Stop Failing as a Manager

Seven Proven Ways to Delegate Effectively

You already know that delegating is one of the most critical skills in your arsenal as a leader, and you know that delegating is beneficial to you, your staff, and your organization. What’s the best strategy for delegating?

In my last article, I told you the steps to delegating. In this article, I hope will understand even more practical ways to execute delegation.

Here are seven proven ways to delegate effectively

  1. Communicate, Communicate, Communicate

Over communicate when you are delegating. Communication is King in the delegation process.

Successful delegation requires that you communicate

  • Expectations: What you expect them to accomplish; begin with the end in mind.
  • Deadlines: When must you complete the project? When do you need a progress update?
  • Levels of Authority: Do you want them to check with you before executing decisions, or can they decide, take action, and follow up with you on their progress?
  • Available Resources: What materials are available? Is overtime authorized?
  • Recommendations: Offer your experience gained wisdom, provide recommendations on who to use, what tools they’ll need, and how you’ve successfully handled a similar task.
  • Outcome Feedback: They need to hear from you how they’re doing and how they’ve done. Give them honest feedback about how well they are meeting your expectations.

Don’t hold back communicating.

  1. Stay Out of the Way

When you delegate an assignment, you’ve told that person you trust them to get the job done. Affirm that trust by giving them the space to do what you’ve asked of them.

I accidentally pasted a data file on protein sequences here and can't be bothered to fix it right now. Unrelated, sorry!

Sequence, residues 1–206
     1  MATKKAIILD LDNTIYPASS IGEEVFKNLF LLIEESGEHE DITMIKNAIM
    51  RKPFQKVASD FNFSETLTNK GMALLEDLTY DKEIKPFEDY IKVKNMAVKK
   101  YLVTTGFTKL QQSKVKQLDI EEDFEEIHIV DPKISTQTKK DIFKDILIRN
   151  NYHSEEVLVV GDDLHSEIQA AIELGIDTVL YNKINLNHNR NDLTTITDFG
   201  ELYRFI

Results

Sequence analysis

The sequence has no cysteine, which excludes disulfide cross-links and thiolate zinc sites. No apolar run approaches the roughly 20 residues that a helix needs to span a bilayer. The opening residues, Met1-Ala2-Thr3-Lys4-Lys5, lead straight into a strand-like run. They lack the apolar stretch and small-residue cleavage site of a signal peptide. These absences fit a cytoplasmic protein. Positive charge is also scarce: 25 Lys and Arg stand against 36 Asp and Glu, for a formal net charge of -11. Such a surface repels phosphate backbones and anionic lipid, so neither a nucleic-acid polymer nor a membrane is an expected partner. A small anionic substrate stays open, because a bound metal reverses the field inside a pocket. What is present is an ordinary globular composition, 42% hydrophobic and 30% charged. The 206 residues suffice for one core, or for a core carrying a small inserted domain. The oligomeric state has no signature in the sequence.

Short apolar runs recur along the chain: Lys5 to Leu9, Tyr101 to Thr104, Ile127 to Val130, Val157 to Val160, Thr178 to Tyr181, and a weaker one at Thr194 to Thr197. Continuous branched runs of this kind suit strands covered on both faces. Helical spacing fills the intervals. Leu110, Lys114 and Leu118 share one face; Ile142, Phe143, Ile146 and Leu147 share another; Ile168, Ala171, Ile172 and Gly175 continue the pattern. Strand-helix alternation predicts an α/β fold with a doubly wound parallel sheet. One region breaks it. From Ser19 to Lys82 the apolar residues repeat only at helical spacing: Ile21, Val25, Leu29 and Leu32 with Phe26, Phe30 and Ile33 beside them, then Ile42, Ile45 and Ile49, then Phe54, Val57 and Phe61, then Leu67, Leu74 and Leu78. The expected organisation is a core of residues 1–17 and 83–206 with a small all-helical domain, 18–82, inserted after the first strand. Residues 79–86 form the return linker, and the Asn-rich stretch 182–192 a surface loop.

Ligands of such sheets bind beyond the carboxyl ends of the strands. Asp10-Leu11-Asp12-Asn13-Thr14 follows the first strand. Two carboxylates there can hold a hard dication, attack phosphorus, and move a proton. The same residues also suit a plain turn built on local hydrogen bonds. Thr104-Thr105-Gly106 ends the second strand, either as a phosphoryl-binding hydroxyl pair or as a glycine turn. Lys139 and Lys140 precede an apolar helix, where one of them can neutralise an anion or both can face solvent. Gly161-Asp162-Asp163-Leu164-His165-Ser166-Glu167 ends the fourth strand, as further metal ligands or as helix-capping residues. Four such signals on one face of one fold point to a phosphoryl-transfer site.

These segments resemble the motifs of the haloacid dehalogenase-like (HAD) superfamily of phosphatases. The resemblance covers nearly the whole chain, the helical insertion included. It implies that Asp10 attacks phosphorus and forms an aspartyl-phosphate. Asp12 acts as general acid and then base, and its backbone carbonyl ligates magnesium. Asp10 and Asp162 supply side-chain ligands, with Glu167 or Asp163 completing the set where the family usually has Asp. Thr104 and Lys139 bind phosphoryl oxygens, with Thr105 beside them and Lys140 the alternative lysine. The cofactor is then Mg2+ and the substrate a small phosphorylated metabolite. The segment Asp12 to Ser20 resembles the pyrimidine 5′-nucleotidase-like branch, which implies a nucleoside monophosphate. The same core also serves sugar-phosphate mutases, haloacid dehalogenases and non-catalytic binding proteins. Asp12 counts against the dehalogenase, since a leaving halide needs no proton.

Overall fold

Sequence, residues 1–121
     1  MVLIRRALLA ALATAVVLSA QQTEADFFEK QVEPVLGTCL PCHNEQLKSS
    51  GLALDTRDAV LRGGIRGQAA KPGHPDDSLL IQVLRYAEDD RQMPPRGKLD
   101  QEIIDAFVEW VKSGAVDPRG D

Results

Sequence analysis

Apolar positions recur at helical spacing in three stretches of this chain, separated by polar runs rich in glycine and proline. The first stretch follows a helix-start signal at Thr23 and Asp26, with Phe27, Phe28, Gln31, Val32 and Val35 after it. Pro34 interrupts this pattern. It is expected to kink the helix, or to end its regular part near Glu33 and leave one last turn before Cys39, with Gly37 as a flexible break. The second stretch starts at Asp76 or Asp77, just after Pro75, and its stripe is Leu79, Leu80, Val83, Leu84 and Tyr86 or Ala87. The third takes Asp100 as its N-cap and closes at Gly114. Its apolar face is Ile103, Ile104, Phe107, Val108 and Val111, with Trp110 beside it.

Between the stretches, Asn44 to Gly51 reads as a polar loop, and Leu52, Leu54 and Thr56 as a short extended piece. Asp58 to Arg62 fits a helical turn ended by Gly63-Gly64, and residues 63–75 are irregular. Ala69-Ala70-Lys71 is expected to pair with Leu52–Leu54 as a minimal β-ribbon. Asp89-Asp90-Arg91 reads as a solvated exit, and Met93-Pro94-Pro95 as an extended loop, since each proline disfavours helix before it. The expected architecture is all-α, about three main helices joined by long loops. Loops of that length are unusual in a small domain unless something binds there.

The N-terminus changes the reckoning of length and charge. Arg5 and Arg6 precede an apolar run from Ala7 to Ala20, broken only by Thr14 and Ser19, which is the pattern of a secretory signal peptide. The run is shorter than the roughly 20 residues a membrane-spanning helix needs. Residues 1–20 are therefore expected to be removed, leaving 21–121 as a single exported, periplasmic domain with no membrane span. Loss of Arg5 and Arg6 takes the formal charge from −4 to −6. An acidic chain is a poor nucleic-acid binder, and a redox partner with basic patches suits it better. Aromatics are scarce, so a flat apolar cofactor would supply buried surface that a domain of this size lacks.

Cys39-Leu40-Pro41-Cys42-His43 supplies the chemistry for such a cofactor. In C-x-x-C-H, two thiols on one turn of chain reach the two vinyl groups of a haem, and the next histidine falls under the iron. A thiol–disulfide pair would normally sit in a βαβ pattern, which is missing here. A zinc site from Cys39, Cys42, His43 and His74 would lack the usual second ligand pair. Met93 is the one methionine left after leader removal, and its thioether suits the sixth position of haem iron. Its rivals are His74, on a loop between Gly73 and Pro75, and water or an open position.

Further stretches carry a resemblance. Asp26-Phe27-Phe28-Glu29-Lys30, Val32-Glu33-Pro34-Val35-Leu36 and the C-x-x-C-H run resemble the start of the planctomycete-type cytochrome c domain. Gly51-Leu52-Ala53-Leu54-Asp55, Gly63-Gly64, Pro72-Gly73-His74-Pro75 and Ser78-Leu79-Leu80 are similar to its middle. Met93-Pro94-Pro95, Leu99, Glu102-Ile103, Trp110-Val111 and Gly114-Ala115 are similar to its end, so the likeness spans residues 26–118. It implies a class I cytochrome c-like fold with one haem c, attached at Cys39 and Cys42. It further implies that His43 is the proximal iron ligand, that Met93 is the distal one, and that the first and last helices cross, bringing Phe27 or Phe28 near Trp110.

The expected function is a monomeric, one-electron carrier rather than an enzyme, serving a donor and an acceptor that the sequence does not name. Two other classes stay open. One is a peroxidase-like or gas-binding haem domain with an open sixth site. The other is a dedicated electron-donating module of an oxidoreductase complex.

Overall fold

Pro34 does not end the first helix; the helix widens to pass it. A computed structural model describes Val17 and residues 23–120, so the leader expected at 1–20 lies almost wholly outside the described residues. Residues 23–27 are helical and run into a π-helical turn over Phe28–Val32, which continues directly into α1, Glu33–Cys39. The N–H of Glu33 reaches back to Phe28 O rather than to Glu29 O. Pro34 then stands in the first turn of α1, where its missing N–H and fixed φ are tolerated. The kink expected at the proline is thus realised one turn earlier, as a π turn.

1. Trust AND Verify

You’ve given your delegate the authority and resources to do the job, and you’re confident in their ability and motivation. Remember that you are still responsible for what happens. You can verify their progress without taking away their authority.

  1. Delegate to Everyone

Delegate as far as you have reach in the organization. Your direct reports are a great place to start the delegation process. You also have their direct reports and others in the organization who want to learn, contribute, and grow. Delegate as far and wide as you can.

  1. Don’t Wait for Volunteers

You’re not imposing your work on others when you delegate appropriately, which also means you don’t have to wait for them to volunteer to take some of the load from you. Go to your people and let them know you need their help on an assignment. You’ll demonstrate your confidence in them, display your humility, and validate their place on the team.

  1. Delegate the Outcome NOT the Process

Anyone can tell someone what to do and how to do it. Leaders, on the other hand, communicate the destination they are delegating and give the delegate the authority to choose the route for getting there.

  1. Say, “Thank You.”

Feedback is a crucial piece of delegation. You should always acknowledge your appreciation for the help you received through the delegate. Just as important, use feedback publicly to praise their accomplishments. More people will want to help you if they know their work gets recognized.

Question: What’s missing? You can leave a comment by clicking here.

I am an author, speaker, and leader with a passion for developing people into practical leaders who put their principles into practice. I am the co-author of the acclaimed book Faith Acts with best-selling author Dillon Burroughs, the Chief Operations Officer at the Chattanooga Community Kitchen, and an independent leadership consultant to up and coming leaders and start up nonprofit organizations. My greatest joy, however, is serving Christ and his Church. I am the proud husband of Shay and father of two great boys. We live in Chattanooga, TN. #NoogaStrong

Please note: I reserve the right to delete comments that are offensive, off-topic, or downright annoying.

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